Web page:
The Law

The Marine Life Protection Act

In 1999, California passed the first law of its kind in the country-the Marine Life Protection Act, or MLPA. Sponsored by coastal legislators, the MLPA requires the state to improve the way it protects the ocean. The MLPA passed with bipartisan support, and was backed by scientists, divers, educators, fishermen, and conservation organizations.  Surveys show that Californians across the state want more protection for the oceans.

In 2005, the state took a new approach, combining science with public input. The Marine Life Protection Act Initiative includes:

• Regional stakeholder groups made up of local ocean users from a variety of industries, backgrounds, and interests
• Opportunities for the general public to review plans and comment at every step in the process
• A high-level Blue Ribbon Task Force of policy experts who provide recommendations to stakeholders and the state
• An advisory team of biologists, economists, and other scientific experts

A regional approach is being used to redesign MPAs along California's 1,100-mile coast. The state has been divided into five study regions:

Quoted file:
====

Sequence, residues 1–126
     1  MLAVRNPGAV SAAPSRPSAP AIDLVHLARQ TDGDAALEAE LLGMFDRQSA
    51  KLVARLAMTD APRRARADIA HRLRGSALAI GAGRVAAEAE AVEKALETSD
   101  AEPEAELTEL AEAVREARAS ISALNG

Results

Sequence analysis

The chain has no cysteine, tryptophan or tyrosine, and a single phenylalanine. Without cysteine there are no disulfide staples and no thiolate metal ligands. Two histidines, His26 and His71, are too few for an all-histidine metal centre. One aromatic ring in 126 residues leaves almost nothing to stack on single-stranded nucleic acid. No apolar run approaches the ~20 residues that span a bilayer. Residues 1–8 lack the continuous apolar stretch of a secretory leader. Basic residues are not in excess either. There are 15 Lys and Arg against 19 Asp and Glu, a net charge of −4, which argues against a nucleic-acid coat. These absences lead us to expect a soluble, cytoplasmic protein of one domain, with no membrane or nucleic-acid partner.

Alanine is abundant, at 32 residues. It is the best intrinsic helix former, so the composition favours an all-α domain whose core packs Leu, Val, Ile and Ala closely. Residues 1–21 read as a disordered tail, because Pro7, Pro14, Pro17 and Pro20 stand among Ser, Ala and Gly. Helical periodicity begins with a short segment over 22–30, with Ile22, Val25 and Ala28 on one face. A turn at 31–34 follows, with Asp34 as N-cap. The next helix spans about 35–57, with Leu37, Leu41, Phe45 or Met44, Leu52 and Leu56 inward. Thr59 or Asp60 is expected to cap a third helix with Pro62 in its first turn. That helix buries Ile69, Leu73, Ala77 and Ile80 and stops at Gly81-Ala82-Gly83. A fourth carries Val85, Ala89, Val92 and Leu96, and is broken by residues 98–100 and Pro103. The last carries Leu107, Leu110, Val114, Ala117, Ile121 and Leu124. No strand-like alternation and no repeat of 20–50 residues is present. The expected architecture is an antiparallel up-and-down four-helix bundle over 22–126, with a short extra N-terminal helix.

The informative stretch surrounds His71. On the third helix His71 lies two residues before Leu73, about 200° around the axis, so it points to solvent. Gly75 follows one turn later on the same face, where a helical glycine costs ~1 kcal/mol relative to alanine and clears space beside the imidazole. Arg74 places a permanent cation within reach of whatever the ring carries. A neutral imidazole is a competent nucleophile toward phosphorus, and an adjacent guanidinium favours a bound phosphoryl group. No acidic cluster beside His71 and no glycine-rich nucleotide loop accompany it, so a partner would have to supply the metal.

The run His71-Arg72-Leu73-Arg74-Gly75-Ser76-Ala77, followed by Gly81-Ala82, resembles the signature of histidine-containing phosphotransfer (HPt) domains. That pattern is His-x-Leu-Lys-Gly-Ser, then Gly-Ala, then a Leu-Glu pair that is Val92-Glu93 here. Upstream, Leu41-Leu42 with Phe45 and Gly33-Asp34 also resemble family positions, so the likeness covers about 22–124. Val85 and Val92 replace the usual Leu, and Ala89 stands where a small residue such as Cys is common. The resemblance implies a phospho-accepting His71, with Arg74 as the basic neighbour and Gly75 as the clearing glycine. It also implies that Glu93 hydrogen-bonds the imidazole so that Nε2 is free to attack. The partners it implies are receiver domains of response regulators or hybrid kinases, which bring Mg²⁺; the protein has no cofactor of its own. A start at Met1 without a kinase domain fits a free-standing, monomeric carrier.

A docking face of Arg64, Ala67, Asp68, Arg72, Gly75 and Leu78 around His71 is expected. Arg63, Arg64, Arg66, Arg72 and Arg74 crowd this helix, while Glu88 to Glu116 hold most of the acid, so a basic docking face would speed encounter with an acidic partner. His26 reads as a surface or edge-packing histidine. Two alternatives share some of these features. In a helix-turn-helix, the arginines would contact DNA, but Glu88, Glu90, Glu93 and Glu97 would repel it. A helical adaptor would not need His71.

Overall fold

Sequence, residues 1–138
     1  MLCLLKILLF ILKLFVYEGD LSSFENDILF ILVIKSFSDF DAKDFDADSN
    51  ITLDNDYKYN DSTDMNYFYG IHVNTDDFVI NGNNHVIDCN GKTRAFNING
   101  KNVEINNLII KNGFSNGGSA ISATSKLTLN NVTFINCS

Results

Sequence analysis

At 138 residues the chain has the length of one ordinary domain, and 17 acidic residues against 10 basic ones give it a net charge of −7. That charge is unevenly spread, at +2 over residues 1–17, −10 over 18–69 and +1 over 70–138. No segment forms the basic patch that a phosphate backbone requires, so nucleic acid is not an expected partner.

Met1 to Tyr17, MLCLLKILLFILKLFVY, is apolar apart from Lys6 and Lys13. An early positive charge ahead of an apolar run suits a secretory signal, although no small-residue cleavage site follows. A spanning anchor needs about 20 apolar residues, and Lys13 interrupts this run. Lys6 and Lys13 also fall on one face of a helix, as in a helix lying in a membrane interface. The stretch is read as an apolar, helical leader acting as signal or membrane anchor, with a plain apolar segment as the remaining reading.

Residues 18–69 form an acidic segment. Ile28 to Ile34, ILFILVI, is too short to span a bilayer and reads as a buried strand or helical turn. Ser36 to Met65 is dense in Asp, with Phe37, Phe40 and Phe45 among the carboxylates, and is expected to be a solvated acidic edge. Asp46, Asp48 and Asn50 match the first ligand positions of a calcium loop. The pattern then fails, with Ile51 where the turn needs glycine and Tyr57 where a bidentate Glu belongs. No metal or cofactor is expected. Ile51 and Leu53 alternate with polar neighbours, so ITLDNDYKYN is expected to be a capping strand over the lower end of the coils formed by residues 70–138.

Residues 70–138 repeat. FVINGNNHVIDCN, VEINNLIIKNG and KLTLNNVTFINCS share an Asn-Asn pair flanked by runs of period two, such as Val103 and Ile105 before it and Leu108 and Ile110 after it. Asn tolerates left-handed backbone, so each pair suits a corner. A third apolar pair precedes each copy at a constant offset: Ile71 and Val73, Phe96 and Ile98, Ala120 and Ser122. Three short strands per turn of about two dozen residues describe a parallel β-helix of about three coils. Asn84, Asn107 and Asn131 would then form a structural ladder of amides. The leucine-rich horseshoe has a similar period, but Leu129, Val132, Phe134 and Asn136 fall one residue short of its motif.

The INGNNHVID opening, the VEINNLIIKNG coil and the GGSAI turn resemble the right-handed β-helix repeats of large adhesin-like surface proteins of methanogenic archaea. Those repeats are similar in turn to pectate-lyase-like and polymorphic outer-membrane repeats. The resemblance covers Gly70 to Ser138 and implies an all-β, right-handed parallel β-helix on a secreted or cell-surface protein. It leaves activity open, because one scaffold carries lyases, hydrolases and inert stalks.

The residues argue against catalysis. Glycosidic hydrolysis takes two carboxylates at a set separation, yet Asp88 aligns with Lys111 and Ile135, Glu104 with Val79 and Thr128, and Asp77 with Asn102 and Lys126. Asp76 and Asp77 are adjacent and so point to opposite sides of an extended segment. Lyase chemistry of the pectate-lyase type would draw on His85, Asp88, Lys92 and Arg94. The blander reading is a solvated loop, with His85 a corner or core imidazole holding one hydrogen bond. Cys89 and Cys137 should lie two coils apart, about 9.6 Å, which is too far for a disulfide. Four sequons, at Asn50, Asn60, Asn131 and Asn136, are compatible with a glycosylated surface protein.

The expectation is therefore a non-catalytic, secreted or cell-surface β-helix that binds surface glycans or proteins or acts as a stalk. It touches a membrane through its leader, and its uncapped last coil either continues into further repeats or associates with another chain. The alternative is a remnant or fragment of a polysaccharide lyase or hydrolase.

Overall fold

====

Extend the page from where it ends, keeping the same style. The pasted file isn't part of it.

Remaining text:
Central Coast - Pigeon Point to Point Conception (Implemented September 2007)
North Central Coast - Point Arena to Pigeon Point (Implemented May 2010) 
South Coast - Point Conception to the Mexican border (Implementation January 2012)
North Coast - Oregon border to Point Arena (under consideration by Fish and Game Commission)
San Francisco Bay - Options Report Being Prepared

How we benefit

undefinedMarine protected areas provide economic, recreational, and environmental benefits to people, whether they live on the water?s edge or far inland. They can serve as savings banks for California's commercially and recreationally important species, by restoring fish populations inside the MPA which can then help replenish nearby waters. This spillover effect can benefit both fishermen and seafood consumers.

Around the world, marine reserves serve as some of the most popular scuba-diving destinations.  These protected ocean places also provide wonderful opportunities for activities like bird watching and kayaking. Healthy marine habitats help sustain local economies while ensuring that future generations can enjoy the same quality of life.